What is it?
One sure way to get heads nodding around the conference table is to state your commitment to long-termism - the idea that business should not get too caught up in the here and now, and instead think profound thoughts about the far-off future. Long-termism means striving perhaps a bit less hard to meet next month's sales target and redeploying that energy towards bigger, more ambitious goals. Long-termism also involves thinking about the sustainability of your business in every sense: not just in terms of the environment but also revenue streams, product lines, IP and so on.
Where did it come from?
Farmers have always known about the long term. Planting (and rotating) crops that will be harvested years from now is what successful agriculture has always been about. In the modern industrial age, new businesses came and went, but those that lasted - GE, Ford, IBM - were committed to what analysts might now call 'long-term value creation', and which the rest of us would call 'staying in business and, with any luck, growing'. As shareholders became less long-termist and trading grew more frenetic, many businesses have understandably struggled to maintain such a long-term outlook.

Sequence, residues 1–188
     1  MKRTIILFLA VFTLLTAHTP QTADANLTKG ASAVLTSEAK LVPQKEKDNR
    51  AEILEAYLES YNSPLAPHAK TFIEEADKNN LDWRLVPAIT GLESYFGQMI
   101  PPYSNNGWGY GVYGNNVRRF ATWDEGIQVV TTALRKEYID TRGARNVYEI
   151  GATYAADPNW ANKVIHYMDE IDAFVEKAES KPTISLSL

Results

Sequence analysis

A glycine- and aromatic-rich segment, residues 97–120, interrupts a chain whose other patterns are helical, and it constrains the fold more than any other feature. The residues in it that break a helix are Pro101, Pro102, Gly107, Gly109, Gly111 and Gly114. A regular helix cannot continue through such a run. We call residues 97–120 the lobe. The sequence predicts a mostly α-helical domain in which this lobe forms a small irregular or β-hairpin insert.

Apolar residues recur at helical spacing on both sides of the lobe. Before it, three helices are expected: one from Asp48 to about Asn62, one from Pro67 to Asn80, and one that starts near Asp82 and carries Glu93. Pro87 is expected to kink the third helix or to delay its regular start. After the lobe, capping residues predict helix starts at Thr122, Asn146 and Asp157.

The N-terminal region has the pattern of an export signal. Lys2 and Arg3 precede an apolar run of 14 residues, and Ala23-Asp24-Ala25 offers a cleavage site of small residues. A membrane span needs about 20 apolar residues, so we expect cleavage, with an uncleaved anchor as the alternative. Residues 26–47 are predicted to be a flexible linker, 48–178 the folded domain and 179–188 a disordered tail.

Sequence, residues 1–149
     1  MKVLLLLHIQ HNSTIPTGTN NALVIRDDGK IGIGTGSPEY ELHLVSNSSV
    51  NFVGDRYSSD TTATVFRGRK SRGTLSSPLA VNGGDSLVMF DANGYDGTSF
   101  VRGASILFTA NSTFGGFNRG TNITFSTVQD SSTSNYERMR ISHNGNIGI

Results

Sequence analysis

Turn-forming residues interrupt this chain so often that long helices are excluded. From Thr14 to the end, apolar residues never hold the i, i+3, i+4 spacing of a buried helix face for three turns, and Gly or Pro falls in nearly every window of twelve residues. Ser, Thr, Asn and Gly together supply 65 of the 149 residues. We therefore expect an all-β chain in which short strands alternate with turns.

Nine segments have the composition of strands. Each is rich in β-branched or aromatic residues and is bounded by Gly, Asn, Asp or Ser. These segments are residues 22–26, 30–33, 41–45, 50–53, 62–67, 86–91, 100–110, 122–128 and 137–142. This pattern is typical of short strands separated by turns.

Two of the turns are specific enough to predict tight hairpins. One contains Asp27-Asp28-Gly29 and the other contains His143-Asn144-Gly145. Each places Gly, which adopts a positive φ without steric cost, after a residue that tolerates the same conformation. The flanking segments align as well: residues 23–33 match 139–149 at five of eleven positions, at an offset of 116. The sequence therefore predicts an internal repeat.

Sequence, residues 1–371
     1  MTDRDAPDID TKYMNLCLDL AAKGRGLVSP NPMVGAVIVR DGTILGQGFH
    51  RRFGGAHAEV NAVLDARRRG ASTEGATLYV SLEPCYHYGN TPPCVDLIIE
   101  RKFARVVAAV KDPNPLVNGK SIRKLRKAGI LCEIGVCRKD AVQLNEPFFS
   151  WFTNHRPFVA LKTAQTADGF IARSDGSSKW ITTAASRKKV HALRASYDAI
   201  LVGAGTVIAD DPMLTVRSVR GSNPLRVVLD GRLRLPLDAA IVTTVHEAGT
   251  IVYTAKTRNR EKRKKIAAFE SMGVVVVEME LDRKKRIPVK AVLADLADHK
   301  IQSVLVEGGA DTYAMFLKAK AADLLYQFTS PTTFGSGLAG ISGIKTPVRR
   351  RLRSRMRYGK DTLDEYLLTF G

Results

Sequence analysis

Where is it going?
The pessimists will tell you the game is up for long termism. Shareholders don't care any more. They are not 'owners' in any meaningful sense. They want strong quarterly numbers, healthy dividends and a rising share price. Others argue that the tide is turning. More and more CEOs and investors (especially insurance companies) are waking up to the need for long-term sustainability and performance. The future is both mean and green. Time will tell (that's the point, really). But then, as Keynes helpfully pointed out, in the long run we are all dead.
Gradient: Looking very steep.